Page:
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NAQC Newsroom: Research

Nicotine Metabolism in Young Adult Daily Menthol and Nonmenthol Smokers.

Tuesday, April 19, 2016  
Posted by: Natalia Gromov
Pebbles Fagan, Pallav Pokhrel, Thaddeus A. Herzog, Ian S. Pagano, Adrian A. Franke, Mark S. Clanton, Linda A. Alexander, Dennis R. Trinidad, Kari-Lyn K. Sakuma, Carl A. Johnson, Eric T. Moolchan.
Nicotine Metabolism in Young Adult Daily Menthol and Nonmenthol Smokers.
Nicotine Tob Res (2016) 18 (4):437-446.doi: 10.1093/ntr/ntv109First published online: May 19, 2015
Menthol cigarette smoking may increase the risk for tobacco smoke exposure and inhibit nicotine metabolism in the liver. Nicotine metabolism is primarily mediated by the enzyme CYP2A6 and the nicotine metabolite ratio (NMR = trans 3′ hydroxycotinine/cotinine) is a phenotypic proxy for CYP2A6 activity. No studies have examined differences in this biomarker among young adult daily menthol and nonmenthol smokers. This study compares biomarkers of tobacco smoke exposure among young adult daily menthol and nonmenthol smokers. Saliva cotinine and carbon monoxide were measured in a multiethnic sample of daily smokers aged 18–35 (n = 186). Nicotine, cotinine, the cotinine/cigarette per day ratio, trans 3′ hydroxycotinine, the NMR, and expired carbon monoxide were compared.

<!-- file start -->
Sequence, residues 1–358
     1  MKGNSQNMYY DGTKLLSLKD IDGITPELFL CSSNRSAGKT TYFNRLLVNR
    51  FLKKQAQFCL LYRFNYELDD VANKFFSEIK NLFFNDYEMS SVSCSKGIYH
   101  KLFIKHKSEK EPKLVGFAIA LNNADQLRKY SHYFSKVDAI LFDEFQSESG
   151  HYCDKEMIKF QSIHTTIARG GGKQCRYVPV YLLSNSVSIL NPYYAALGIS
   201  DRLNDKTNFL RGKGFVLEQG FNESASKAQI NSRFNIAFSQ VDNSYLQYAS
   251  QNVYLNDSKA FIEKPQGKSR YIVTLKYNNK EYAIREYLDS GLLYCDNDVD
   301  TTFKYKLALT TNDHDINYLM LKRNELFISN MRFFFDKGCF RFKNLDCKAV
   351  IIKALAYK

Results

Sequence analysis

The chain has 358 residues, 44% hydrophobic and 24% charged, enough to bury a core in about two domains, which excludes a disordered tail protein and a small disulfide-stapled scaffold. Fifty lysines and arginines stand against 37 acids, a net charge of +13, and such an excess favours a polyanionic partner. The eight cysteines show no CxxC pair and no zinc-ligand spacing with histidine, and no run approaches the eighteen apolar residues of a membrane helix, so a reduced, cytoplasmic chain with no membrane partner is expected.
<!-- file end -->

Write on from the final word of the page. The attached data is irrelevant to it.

The geometric means for nicotine, cotinine, and the cotinine/cigarette per day ratio did not significantly differ between menthol and nonmenthol smokers. The NMR was significantly lower among menthol compared with nonmenthol smokers after adjusting for race/ethnicity, gender, body mass index, and cigarette smoked per day (0.19 vs. 0.24, P = .03). White menthol smokers had significantly higher cotinine/cigarettes per day ratio than white nonmenthol smokers in the adjusted model. White menthol smokers had a lower NMR in the unadjusted model (0.24 vs. 0.31, P = .05) and the differences remained marginally significant in the adjusted model (0.28 vs. 0.34, P = .06). We did not observe these differences in Native Hawaiians and Filipinos. Young adult daily menthol smokers have slower rates of nicotine metabolism than nonmenthol smokers. Studies are needed to determine the utility of this biomarker for smoking cessation treatment assignments.

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